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Can J Physiol Pharmacol. 1987 Apr;65(4):642-7.

Activation of skinned muscle fibers by calcium and strontium ions.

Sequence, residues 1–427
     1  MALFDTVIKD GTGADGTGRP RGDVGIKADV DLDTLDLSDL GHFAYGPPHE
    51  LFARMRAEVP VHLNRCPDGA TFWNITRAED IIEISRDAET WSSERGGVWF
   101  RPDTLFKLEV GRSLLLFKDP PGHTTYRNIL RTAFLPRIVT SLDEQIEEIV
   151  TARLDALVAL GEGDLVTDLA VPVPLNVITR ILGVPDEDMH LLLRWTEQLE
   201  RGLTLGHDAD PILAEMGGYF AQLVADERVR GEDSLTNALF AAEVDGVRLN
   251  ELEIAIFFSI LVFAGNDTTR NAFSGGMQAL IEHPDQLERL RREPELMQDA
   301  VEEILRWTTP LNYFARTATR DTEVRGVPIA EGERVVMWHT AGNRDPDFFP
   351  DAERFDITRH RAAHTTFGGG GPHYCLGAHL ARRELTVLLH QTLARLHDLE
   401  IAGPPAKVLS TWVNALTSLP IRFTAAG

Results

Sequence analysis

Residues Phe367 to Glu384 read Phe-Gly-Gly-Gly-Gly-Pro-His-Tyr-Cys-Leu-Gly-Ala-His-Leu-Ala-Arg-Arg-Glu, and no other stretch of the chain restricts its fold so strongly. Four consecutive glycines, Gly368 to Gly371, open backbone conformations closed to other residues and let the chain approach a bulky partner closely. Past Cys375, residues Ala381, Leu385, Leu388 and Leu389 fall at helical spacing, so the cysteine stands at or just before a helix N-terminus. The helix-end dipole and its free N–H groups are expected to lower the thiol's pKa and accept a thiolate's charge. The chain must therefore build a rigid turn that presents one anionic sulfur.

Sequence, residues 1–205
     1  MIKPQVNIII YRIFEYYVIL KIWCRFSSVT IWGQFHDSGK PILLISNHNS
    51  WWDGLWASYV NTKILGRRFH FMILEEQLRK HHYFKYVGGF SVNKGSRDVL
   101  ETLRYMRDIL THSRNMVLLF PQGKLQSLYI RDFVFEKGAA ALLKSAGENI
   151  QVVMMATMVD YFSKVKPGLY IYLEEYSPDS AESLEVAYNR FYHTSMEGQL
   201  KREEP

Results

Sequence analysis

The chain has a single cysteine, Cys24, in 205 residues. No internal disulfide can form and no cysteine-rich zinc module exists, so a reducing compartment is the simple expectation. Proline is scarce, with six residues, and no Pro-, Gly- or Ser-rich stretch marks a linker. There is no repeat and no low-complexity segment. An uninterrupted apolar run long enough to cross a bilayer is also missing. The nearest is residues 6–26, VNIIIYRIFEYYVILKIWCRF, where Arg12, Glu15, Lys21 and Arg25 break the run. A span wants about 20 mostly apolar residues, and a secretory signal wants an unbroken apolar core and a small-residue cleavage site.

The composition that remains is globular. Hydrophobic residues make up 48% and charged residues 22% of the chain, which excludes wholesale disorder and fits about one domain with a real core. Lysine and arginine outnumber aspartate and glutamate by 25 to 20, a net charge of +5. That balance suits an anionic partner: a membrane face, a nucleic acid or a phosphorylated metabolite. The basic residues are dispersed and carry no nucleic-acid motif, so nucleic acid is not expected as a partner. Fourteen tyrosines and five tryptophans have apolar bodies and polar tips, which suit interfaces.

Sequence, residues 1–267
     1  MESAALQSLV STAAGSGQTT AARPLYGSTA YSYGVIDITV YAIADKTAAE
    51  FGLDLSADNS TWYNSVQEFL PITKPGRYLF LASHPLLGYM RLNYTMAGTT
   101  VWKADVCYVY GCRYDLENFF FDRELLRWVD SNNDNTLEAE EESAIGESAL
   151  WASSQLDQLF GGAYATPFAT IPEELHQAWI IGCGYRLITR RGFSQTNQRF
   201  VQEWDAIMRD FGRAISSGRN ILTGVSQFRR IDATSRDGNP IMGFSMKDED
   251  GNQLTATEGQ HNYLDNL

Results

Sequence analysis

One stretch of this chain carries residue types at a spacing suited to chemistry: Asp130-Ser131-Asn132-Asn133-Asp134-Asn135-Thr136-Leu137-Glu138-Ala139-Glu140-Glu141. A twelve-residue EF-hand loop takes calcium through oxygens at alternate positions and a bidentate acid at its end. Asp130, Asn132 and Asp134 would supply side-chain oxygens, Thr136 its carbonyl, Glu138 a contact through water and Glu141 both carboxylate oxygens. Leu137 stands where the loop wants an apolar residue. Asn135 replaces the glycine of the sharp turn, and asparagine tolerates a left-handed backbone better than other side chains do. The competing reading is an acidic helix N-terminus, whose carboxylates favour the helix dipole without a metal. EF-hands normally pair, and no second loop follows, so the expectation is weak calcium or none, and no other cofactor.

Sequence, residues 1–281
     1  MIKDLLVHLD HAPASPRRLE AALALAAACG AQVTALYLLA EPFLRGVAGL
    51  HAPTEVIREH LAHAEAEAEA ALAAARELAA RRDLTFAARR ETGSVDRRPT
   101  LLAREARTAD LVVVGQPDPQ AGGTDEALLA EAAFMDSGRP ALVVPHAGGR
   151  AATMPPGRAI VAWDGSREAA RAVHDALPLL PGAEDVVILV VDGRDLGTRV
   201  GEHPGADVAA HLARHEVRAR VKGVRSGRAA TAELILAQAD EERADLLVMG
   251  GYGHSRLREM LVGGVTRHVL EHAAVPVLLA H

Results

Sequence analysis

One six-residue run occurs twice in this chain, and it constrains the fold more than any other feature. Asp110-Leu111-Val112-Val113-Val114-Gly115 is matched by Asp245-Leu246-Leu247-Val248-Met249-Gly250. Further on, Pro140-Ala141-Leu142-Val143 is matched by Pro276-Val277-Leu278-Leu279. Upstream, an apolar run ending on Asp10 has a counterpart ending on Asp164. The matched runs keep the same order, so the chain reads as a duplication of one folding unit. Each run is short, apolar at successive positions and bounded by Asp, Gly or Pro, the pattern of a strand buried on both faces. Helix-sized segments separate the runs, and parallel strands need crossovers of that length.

Intact and mechanically skinned skeletal muscle fibers of the crab Carcinus maenas have been used. The aim of the experiments was to determine the origin of the mechanical activity recorded in intact crab muscle fibers exhibiting an inward strontium current in strontium solution without calcium. To do so, the effect of strontium ions in inducing activation of contractile proteins and calcium release from the sarcoplasmic reticulum has been studied. The properties of the sarcoplasmic reticulum membrane towards strontium ions, i.e., the efficiency of the calcium ATPase towards strontium ions and the capability to release strontium ions have been investigated. Results show that the contractile proteins have a lower affinity for strontium than for calcium ions. However, the maximum bound strontium is identical to the maximum bound calcium. As for the sarcoplasmic reticulum, strontium ions can induce a calcium release and also can be taken up by the calcium ATPase and be released. We concluded that the mechanical activity in intact fibers bathed in a strontium medium has two origins: first, a direct and partial activation of the contractile proteins by strontium ions flowing through the calcium channel; second, a contractile proteins activation of calcium ions released by the sarcoplasmic reticulum by a "strontium-induced calcium release" mechanism.

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